Compete will be at CES 2010 sharing additional and complementary data to what you’ll read below. If you would like to set up a meeting with Compete to discuss, please email Danielle Nohe at email@example.com or Greg Carter at firstname.lastname@example.org.
When I first purchased my original iPhone in 2007, I was a lot more excited about having a full web browser, iPod and access to my email all as part of my phone than the little Google Maps application. However, as someone with an admittedly terrible sense of direction, having maps always available has been invaluable.
As the iPhone (and other smartphones) evolved, the integration of GPS into the phone’s software has opened up a host of uses beyond the now-ubiquitous map and driving directions. Simple applications will update the weather forecast for you the minute you step off the plane, or send you news alerts specific to your location. More advanced applications like Loopt link your social networks to your location, so you can see where your friends are or view recommendations for business around you.Â There are even apps with a feature known as "augmented reality" — you point your phone’s camera at a location and it pulls down a variety of information about it (depending on the app).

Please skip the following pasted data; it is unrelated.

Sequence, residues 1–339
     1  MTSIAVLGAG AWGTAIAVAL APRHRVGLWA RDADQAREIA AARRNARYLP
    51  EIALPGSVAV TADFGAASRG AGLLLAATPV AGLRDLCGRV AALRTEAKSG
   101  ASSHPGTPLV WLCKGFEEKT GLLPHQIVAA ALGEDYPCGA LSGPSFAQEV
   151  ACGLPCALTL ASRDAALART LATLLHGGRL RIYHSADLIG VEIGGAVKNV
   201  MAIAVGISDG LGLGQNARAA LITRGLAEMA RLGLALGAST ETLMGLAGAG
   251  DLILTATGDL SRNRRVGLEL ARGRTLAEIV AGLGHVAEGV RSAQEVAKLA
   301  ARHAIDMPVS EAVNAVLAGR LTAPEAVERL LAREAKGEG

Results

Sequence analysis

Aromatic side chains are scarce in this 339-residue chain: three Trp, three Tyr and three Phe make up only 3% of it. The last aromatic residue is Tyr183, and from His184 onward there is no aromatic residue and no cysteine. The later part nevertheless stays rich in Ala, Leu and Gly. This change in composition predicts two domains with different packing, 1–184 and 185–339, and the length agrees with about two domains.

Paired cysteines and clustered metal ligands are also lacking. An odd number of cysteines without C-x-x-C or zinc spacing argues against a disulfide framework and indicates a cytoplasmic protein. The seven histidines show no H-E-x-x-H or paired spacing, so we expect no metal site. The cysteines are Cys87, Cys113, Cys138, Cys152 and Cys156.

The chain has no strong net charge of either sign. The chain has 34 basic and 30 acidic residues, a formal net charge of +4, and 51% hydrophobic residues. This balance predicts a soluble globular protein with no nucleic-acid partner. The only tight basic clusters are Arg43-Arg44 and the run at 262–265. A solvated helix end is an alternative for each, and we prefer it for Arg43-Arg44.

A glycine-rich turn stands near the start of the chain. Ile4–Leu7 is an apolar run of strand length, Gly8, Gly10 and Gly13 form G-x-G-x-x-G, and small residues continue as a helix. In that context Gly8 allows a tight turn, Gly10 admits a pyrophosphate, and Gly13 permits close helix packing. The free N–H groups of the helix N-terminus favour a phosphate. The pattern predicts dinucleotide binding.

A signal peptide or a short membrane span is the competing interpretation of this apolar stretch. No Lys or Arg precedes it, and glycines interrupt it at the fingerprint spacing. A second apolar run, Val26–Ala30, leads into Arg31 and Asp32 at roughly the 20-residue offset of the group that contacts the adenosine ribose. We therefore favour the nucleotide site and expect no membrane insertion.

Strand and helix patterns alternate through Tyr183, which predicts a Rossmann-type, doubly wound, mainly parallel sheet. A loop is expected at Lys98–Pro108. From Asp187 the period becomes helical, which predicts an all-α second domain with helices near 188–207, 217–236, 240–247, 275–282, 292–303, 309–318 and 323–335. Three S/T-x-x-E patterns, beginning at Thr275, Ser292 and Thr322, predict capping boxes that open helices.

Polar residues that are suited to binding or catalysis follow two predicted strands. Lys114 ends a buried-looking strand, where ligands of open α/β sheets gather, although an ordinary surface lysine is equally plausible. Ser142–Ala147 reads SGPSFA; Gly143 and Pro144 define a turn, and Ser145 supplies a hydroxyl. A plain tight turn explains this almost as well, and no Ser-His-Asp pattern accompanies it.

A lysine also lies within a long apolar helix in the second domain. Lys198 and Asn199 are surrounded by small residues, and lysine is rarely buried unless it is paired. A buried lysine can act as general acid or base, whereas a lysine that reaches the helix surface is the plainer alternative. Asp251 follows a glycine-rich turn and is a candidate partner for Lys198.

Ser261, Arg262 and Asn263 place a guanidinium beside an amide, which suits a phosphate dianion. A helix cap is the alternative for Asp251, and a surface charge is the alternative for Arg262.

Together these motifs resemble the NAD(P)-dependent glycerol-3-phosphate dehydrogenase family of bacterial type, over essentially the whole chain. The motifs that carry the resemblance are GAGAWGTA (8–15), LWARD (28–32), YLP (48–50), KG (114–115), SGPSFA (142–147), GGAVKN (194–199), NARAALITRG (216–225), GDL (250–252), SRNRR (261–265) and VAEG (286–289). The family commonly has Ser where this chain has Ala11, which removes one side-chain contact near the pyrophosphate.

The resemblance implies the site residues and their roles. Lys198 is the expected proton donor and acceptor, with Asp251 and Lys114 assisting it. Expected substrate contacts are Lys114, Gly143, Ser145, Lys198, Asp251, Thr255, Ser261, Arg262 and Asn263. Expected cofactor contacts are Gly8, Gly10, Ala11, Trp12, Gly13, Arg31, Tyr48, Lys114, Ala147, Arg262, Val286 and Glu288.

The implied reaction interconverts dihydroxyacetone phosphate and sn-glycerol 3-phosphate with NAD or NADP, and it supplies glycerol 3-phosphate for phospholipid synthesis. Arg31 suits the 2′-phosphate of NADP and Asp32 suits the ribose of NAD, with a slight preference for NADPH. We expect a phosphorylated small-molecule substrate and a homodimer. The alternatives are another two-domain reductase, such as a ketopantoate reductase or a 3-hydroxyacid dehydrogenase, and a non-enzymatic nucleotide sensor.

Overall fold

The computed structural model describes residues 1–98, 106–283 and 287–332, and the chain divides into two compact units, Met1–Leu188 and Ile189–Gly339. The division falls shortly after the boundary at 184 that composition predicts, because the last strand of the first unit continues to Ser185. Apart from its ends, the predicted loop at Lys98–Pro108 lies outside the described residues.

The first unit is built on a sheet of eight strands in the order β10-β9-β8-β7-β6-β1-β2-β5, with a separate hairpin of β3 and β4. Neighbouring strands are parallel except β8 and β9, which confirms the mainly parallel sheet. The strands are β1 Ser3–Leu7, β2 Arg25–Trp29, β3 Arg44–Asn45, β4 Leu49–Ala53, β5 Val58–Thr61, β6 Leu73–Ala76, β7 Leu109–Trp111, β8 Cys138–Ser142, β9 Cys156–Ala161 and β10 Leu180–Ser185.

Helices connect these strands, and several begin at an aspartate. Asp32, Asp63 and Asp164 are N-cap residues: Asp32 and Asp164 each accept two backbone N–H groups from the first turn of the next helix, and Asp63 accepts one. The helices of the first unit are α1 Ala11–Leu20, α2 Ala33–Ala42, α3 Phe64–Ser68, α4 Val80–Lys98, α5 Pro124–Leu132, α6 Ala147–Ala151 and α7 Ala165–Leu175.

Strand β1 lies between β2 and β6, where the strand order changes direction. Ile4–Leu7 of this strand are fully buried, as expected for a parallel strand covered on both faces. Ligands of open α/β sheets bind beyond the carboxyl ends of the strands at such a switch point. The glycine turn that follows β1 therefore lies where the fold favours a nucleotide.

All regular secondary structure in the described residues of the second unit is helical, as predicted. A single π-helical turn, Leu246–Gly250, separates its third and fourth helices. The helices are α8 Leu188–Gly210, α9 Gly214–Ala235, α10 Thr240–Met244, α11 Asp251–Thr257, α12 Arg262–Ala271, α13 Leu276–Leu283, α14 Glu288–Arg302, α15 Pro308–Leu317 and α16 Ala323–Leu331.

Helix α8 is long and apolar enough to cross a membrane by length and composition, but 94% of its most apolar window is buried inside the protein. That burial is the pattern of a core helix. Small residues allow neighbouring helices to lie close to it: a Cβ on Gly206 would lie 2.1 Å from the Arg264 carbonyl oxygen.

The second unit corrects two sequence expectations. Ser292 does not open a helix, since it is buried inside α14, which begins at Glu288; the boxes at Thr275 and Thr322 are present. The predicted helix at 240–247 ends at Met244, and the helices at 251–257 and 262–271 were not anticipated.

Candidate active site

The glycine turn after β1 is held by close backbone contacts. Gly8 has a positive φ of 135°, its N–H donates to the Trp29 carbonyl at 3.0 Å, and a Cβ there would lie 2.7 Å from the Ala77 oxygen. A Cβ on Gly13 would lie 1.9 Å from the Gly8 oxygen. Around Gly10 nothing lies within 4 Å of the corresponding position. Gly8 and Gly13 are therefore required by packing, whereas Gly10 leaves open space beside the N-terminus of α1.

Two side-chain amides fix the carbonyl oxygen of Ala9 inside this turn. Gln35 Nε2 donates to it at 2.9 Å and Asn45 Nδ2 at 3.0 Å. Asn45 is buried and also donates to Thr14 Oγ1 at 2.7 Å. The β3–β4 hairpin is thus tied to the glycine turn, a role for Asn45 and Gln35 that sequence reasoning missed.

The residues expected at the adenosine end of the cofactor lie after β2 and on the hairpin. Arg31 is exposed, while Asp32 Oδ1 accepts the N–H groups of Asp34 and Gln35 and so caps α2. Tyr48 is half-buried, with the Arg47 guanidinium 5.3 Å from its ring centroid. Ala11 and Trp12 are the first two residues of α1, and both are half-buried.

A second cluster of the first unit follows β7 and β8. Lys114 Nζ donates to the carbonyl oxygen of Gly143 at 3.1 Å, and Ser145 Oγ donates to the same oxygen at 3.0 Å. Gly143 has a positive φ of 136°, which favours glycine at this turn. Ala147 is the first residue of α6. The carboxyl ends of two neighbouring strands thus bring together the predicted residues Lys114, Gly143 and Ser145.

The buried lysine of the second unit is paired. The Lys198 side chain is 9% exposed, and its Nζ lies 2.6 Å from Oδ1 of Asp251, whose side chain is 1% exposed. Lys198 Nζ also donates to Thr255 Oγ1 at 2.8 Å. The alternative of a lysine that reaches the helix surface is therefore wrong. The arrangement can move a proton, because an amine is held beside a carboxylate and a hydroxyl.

The bottom line is location-based services (LBS) are quickly becoming a huge selling point for smartphones and a heavily used feature by those who own such devices. Compete’s Smartphone Intelligence product, which takes the pulse of smartphone owners every quarter, took a look at the variety of services people use with their LBS-enabled smartphones.Â Despite the many possible services on the market, widespread adoption has yet to take place.
While we saw that 71% of smartphone owners use at least one type of LBS, weather information was the only service that a majority of smartphone users take advantage of.Â This is truly a wide open market, with a variety of consumer interests to be filled by quality applications.
Google, for one, appears to be making a play to bring LBS to the mainstream audience.Â While wireless carriers have been using navigation software to entice customers for some time, significant adoption failed to materialize (perhaps due to the $10/month recurring fee).Â However, Google and Motorola recently made headlines when they announced that the DROID would come with full turn-by-turn navigation, matching the experience of standalone units.Â The real kicker was that this would be provided for free with the DROID, and all future devices running Android 2.0 (much to the chagrin of standalone GPS manufacturers Garmin and TomTom).Â With carriers, phone manufacturers and software developers like Google all fighting for a piece of the LBS market, consumers should have plenty of quality options to help themselves orient.